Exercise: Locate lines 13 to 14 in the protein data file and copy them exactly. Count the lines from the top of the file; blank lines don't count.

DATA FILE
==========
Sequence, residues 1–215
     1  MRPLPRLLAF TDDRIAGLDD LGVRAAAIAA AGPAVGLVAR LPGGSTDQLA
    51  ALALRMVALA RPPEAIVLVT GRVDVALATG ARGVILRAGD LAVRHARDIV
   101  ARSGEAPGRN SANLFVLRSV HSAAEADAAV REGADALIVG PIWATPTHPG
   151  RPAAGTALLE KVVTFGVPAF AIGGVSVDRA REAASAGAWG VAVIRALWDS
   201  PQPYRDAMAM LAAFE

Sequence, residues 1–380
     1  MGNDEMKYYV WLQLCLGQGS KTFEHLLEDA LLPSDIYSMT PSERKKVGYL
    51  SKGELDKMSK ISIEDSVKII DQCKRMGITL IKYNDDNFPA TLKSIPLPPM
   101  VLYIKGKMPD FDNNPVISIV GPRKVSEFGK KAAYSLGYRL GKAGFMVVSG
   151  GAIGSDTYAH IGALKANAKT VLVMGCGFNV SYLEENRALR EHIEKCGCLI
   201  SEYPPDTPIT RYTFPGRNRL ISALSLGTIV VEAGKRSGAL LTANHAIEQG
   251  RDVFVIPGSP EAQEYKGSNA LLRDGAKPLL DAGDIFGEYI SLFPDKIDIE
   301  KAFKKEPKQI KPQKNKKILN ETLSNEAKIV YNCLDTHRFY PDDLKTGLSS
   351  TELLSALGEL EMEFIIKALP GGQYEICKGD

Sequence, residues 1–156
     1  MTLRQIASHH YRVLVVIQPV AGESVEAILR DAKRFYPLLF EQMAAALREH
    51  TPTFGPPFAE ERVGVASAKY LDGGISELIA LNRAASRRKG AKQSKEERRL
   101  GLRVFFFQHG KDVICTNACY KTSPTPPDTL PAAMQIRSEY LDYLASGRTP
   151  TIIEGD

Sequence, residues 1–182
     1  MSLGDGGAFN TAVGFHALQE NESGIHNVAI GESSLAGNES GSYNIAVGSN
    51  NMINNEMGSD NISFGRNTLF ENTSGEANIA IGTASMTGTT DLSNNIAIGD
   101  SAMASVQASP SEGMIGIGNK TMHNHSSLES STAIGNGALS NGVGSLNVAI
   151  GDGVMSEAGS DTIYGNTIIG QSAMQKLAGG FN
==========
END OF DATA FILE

   251  RDVFVIPGSP EAQEYKGSNA LLRDGAKPLL DAGDIFGEYI SLFPDKIDIE
   301  KAFKKEPKQI KPQKNKKILN ETLSNEAKIV YNCLDTHRFY PDDLKTGLSS